Uganda’s nature is priceless. But, can we attach a monetary value on nature? Yes and no. If I conserve forests, pay me per tree planted or per river bank protected so that I can buy my essential needs and be as comfortable as those who misuse nature. That’s one argument.
On the other hand, nature and what we get from it is priceless because I cannot buy rain, or fresh air from forests which is a free gift of nature. But, can attaching a price to a lake or natural forest help us understand more the loss we may suffer if these resources are destroyed?
The desire to find answers to this question led me to two friends. One is an environmental reporter. Another is a businessman. They both agreed it is not possible to put a befitting monetary value on nature.
Nature is priceless, said the reporter. “What price can you compare to nature?” The businessman wondered, “I think it is people’s responsibility to take care of nature in a sustainable way.”
But, pricing nature is an advantage and disadvantage. It is a disadvantage in that if there is no economic value put on a given natural resource it is more prone to abuse. This is because capitalism does not respect those services that are free and common to everybody. It is a fertile ground for private sector to grab from nature and then throw the problems for all us to suffer. Well, I don’t know whether you agree.
The idea of putting a price to nature can be traced in the Rio+20 conference in 2012 where a group of investors argued that: “If we price everything nature gives us, companies would think twice before destroying them”. This idea is complex to execute because natural resources are gifts of nature; not created by man and no money can really buy any of them.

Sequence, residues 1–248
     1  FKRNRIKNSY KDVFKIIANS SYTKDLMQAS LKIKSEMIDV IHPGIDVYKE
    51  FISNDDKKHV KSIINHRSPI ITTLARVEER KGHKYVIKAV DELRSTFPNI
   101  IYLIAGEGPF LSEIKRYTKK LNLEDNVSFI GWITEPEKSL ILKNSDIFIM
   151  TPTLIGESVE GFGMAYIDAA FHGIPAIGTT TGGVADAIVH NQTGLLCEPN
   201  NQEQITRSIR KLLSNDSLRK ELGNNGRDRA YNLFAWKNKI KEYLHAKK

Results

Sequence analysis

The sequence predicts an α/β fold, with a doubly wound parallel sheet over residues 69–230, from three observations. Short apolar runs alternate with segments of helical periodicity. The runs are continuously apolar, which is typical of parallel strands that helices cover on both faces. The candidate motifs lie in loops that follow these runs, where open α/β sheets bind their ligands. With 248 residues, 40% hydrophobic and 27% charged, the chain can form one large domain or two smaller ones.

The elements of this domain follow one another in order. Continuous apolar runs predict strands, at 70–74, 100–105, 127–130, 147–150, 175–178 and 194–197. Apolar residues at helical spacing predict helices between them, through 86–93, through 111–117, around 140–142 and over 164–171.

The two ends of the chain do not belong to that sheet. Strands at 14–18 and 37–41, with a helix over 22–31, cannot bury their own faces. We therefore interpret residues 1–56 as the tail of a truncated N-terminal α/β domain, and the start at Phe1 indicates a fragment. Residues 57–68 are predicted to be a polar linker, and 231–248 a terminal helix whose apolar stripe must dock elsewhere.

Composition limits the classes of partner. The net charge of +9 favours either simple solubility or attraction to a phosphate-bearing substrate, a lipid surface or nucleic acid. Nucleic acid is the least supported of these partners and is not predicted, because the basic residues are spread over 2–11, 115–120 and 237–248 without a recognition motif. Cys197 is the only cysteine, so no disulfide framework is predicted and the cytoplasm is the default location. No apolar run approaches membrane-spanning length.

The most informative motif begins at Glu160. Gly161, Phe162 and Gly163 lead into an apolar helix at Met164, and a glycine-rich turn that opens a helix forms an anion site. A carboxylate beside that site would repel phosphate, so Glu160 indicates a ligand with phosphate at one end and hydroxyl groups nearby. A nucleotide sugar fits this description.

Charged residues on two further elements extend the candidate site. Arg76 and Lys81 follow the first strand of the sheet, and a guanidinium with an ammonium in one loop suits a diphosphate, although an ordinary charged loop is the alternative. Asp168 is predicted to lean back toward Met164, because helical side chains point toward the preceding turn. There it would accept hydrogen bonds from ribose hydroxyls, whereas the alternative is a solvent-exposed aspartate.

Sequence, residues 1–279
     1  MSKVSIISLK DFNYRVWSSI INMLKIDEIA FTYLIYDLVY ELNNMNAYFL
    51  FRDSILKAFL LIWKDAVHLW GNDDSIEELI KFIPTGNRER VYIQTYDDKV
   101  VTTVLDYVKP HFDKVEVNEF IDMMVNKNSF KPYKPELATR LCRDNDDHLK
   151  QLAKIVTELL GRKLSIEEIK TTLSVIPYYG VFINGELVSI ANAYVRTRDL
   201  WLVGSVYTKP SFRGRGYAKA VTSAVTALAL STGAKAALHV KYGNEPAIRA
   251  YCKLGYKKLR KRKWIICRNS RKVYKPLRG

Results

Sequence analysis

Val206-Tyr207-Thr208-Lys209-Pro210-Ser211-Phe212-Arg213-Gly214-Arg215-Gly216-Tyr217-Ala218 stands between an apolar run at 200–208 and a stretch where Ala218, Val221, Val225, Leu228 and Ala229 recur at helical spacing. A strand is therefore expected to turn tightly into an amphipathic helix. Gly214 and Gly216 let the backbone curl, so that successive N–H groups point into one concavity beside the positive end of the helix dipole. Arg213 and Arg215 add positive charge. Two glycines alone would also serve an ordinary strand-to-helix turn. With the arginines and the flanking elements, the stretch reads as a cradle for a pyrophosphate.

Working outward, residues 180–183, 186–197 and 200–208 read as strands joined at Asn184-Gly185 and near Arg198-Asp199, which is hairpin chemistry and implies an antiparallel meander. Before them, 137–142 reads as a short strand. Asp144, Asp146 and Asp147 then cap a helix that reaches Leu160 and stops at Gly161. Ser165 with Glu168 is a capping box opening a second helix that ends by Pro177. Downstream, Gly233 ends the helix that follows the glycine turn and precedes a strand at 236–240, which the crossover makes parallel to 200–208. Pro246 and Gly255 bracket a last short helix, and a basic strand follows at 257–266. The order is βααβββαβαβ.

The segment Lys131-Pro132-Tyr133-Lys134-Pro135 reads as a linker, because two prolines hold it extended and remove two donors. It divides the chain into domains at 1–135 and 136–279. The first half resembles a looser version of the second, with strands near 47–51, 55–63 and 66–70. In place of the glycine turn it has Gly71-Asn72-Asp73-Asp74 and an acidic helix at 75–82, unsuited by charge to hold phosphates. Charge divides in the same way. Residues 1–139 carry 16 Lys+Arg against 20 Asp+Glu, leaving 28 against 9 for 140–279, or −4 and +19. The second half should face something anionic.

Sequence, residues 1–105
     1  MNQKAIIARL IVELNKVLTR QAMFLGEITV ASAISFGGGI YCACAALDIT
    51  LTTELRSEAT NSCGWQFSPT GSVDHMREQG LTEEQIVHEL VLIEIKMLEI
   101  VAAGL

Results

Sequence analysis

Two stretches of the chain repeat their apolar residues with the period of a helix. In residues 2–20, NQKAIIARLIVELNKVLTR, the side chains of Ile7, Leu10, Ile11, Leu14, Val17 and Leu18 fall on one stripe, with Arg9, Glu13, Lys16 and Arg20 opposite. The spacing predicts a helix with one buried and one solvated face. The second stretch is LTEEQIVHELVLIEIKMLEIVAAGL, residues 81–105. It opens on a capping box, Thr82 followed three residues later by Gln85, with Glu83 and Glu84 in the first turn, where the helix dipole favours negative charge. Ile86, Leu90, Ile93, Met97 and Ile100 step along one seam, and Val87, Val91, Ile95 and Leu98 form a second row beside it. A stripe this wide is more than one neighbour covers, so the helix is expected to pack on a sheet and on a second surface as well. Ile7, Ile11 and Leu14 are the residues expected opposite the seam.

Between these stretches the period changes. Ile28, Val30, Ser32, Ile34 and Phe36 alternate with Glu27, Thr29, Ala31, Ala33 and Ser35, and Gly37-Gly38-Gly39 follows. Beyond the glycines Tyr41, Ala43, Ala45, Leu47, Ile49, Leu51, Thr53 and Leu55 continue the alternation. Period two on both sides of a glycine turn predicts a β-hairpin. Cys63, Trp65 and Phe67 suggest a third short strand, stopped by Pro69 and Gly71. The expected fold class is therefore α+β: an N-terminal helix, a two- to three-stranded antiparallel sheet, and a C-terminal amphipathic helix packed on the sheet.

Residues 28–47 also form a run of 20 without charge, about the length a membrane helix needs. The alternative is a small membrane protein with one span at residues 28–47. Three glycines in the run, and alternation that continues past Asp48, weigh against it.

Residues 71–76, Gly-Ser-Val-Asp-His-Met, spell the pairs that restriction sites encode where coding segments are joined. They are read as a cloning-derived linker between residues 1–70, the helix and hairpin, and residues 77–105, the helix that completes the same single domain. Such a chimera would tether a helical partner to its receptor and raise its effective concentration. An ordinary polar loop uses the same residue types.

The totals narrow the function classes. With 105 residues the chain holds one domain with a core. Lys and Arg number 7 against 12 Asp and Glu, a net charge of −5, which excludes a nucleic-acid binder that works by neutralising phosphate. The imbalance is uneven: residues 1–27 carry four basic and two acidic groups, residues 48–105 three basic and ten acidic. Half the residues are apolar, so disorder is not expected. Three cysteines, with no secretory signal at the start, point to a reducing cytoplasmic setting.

Attaching a price on nature cannot simply work in Uganda because in many communities, natural resources, including land in some instances, are communally owned. People just have to be taught the value of conserving nature for the ecological and economic benefits they derive from it.
Ugandans derive enormous economic and health value from nature. The food we eat is largely organic; implying nature plays a major function in its production. Uganda being an agro-based economy, nature for us is invaluable. Our livelihoods depend on it in many ways.
Uganda’s national parks, lakes, rivers, forests, mountains, et cetera are worth billions of dollars to our economy. These gifts of nature sustain our lives and life depends on them. For example, with increased political stability in Uganda tourism has become the country’s goldmine. The tourism attractions are fruits of nature.
Statistics from the government of Uganda show that “500,000 foreign tourists spent at least one night in Uganda in 2012, and nearly 75,000 of these were leisure or cultural tourists. Their total expenditure generated Shs 2.7 trillion (about $1 billion) of GDP – equivalent to 38% of exports and 5.6% of 2012 GDP, including revenues to government from indirect taxes of 0.5% of GDP.”
The price to protect these resources is in investing more in the human resource of agencies charged with the responsibility of protecting nature. This calls for emphasis on training game rangers, environmental workers and educating communities on the benefit of protecting the country’s natural resources. “Nature is priceless because there is no monetary value that matches the benefits it bestows upon us.” Our health as humans is largely dependent on nature. In light of this, there can never be a better price of nature than a people committed to protecting their source of livelihood and sustainability –nature.